The best way to think of it is to picture what a pixel looks like when projected into texture space. If the surface is aligned with the camera near plane then the pixel will map to a square in texture space. It could be freely rotated however and look like a diamond. For point sampling the texel closest to this square sample is used. For bilinear its a weighted average of the 4 nearest. For the case of mip mapping a mip level is selected such that the square is about 1 texel unit area. Think about this square projected onto each mip level. As each mip level goes down each texel effectively doubles in each axis.
For anisotropic filtering then the pixel is elongated and forms a thin rectangle. There is no mip level you can use which either fully represents all of the rectangle. Instead the rectangle can be subdivided into smaller rectangles such that they are more square like. Each of this subdivisions have their own texel centre and can be each bilinear filtered and averaged for a result whcih better represents all the texels that touch the rectangle.
Hope this helps. I know pictures will help better explain. I'm sure there is so good visual explanations out there.
The point is that the ALU processing capabilities far exceed that of the fixed function triangle setup and rasterizer. Using compute you can prune the set of triangles to get rid of the ones that don't lead to any shaded pixels and are therefore discarded. Its purely there to get a bit more performance.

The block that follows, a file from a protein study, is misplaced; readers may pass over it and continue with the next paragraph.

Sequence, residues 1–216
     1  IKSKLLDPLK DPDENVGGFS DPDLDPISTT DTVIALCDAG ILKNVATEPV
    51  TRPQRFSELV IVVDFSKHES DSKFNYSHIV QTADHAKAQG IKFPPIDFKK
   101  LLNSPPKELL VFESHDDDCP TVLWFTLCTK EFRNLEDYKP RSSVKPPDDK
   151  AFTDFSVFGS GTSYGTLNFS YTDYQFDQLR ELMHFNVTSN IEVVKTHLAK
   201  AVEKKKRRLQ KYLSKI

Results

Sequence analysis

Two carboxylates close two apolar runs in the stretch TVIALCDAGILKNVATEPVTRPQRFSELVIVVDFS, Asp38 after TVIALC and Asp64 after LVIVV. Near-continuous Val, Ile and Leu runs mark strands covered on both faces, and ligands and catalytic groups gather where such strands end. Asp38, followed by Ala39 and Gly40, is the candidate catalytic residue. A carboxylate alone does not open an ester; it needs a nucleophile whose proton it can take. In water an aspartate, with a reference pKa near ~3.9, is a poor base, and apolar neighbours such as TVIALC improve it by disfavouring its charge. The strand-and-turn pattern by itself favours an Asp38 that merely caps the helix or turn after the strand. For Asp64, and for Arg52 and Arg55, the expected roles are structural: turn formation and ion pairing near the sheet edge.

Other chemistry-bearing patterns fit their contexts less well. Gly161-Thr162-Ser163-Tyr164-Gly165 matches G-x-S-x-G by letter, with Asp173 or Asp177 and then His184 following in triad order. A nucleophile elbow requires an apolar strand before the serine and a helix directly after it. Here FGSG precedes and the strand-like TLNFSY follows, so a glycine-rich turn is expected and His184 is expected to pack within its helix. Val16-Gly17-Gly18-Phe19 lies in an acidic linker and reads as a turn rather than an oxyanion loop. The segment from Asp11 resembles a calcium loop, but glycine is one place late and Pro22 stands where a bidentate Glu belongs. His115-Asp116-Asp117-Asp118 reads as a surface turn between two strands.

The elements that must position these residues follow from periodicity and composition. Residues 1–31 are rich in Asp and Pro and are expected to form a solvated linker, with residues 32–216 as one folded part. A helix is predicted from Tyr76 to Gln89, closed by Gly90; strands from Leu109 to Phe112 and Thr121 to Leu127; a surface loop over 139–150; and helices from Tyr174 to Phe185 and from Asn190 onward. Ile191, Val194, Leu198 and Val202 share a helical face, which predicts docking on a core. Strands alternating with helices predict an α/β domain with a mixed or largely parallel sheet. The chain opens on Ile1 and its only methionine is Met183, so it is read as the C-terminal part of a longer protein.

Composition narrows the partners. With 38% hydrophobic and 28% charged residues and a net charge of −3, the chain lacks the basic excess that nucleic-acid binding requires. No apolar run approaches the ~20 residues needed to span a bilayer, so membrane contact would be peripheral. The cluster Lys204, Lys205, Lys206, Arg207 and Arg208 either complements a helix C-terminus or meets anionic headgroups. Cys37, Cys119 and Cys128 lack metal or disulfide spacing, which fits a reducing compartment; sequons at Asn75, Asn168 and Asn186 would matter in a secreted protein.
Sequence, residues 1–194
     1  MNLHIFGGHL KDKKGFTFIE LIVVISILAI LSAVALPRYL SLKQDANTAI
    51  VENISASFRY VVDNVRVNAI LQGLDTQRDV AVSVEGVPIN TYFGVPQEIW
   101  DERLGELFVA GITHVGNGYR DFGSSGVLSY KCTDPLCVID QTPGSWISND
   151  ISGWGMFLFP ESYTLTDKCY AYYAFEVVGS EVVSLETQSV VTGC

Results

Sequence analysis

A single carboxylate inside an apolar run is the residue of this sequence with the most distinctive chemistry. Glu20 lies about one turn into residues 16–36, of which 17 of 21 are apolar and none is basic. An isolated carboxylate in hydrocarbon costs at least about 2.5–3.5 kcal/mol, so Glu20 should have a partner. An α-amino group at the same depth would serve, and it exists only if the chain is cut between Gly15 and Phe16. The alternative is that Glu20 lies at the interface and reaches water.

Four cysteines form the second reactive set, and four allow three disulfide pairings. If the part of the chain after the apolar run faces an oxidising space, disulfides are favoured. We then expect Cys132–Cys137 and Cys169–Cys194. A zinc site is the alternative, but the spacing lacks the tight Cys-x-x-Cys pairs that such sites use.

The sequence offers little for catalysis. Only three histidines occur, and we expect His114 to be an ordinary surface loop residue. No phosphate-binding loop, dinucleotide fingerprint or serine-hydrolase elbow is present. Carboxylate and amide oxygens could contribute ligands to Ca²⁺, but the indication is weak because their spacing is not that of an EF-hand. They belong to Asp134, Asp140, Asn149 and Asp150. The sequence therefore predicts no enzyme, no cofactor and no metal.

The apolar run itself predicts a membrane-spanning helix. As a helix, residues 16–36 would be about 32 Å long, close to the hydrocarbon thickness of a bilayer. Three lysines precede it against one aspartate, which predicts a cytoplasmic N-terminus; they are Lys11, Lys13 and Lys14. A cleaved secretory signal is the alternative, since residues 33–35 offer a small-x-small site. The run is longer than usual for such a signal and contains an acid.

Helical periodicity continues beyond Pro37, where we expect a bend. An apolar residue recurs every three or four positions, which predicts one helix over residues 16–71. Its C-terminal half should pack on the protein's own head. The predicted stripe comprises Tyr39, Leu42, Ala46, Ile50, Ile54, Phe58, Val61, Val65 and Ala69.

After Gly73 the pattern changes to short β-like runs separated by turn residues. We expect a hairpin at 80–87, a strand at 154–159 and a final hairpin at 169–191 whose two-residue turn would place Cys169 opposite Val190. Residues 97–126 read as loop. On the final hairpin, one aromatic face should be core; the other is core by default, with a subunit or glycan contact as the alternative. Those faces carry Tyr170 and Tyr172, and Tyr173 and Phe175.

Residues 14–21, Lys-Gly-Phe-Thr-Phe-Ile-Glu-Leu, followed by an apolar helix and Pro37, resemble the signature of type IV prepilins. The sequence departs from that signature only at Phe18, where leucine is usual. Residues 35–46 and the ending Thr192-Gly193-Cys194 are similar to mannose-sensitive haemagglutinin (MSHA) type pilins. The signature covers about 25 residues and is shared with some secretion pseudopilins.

The main difference is that camera motion blur can be done via the depth buffer and some static per frame constants where as object motion blur needs a velocity per pixel or at least some per pixel data needed to calculate it. If you are doing motion blur on skinned objects then this requires extra work and more bones in the VS or at least cache off the skinned data over at least one frame.
Ultimately its because of efficiency and ease of integration.
I wrote an impostor based system for a sports game where we would draw up to 20,000 instances of the crowd. I would then swap in the 3D model when you got close such that the impostor texture would start to magnify. I managed to do this with no noticeable pop.
I have a blog post half written on how I did this and will update this thread when I finish it. The secret sauce however is to differentiate between internal and external perspective with regard to the impostor meshes. By this I mean we rendered the models to the impostor texture with an ortho projection. The quads were then rendered into the world with a perspective projection. Then when drawing the 3D mesh I would do this same ortho in local space, perps in world space operation. This internal ortho projection was then lerped to a full persp projection as it then got closer to the camera. The downside is you get a weird rotation of the 3D model as it approaches the camera but its something that you have to look for.